A Splendid Conspiracy (Paperback)

By Albert Cossery, Alyson Waters (Editor)

New Directions, 9780811217798, 224pp.

Publication Date: May 25, 2010

List Price: 14.95*
* Individual store prices may vary.

Description

Three friends in a small Egyptian city celebrate idleness, elegance, and joie de vivre.


Summoned home to Egypt after a long European debauch (disguised as “study”), our hero Teymour—in the opening line of A Splendid Conspiracy—is feeling “as unlucky as a flea on a bald man’s head.” Poor Teymour sits forlorn in a provincial café, a far cry from his beloved Paris. Two old friends, however, rescue him. They applaud his phony diploma as perfect in “a world where everything is false” and they draw him into their hedonistic rounds as gentlemen of leisure. Life, they explain, “while essentially pointless is extremely interesting.”  The small city may seem tedious, but there are women to seduce, powerful men to tease, and also strange events: rich notables are disappearing.



Eyeing the machinations of our three pleasure seekers and nervous about the missing rich men, the authorities soon see—in complex schemes to bed young girls—signs of political conspiracies. The three young men, although mistaken for terrorists, enjoy freedom, wit, and romance. After all, though “not every man is capable of appreciating what is around him,” the conspirators in pleasure certainly do.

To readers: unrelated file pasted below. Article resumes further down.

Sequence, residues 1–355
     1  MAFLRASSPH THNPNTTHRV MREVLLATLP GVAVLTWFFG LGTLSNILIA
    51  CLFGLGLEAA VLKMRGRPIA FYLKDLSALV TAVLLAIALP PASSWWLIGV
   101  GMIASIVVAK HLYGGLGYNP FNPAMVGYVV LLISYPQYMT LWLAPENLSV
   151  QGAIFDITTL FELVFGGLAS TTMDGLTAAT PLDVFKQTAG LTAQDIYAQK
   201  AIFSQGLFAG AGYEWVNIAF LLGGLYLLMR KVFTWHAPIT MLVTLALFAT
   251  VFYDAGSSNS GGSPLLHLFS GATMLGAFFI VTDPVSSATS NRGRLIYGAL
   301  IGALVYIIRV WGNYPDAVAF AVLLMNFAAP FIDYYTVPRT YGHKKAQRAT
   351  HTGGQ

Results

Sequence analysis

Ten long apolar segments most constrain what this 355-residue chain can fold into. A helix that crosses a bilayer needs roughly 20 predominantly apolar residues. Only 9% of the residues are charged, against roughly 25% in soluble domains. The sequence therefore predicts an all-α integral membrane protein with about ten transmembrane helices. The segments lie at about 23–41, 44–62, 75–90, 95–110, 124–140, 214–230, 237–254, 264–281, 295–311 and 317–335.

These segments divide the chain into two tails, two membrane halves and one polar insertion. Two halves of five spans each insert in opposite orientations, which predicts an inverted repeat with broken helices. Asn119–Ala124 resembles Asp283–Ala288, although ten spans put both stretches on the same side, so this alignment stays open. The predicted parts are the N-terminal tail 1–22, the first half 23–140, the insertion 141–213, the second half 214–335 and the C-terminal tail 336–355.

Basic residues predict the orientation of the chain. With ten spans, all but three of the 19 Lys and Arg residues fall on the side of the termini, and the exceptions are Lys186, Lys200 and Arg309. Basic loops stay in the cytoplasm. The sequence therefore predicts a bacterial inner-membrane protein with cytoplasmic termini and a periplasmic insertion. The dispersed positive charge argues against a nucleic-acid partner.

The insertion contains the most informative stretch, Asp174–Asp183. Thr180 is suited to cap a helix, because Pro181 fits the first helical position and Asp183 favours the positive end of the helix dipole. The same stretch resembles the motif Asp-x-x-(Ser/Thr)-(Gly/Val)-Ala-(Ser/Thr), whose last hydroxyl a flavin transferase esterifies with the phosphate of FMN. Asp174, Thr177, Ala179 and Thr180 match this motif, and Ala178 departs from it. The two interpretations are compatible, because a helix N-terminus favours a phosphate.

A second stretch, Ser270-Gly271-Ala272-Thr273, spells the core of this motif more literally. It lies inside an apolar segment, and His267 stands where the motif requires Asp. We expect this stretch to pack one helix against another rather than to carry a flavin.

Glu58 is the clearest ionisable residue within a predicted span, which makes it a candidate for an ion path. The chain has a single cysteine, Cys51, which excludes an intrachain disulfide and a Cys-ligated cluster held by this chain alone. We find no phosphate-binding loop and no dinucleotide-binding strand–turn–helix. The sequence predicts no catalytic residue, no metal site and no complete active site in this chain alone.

About the Author

Albert Cossery (1913–2008) was an Egyptian-born French novelist. Among his works are The Colors of Infamy, A Splendid Conspiracy, and The House of Certain Death, all published by New Directions.

Alyson Waters teaches at Yale and won a PEN Translation Fund Award prize for her translation of Albert Cossery’s The Colors of Infamy.


Praise For A Splendid Conspiracy

A legend…His caustic satire burned like the desert sun, undermining all forms of authority. Cossery despised materialism and eschewed the rat race... The overt message [is] that paradise is not lost, but most of us are too busy to bask in the Edenic simplicity of the world.

I never see anything anywhere like it. All of Cossery’s books have a rare, exotic, haunting, unique flavor.
— Henry Miller

Above all Cossery, one of the last and quirkiest links to the postwar glory days of St. Germain-de-Pres, elevated idleness to an art form.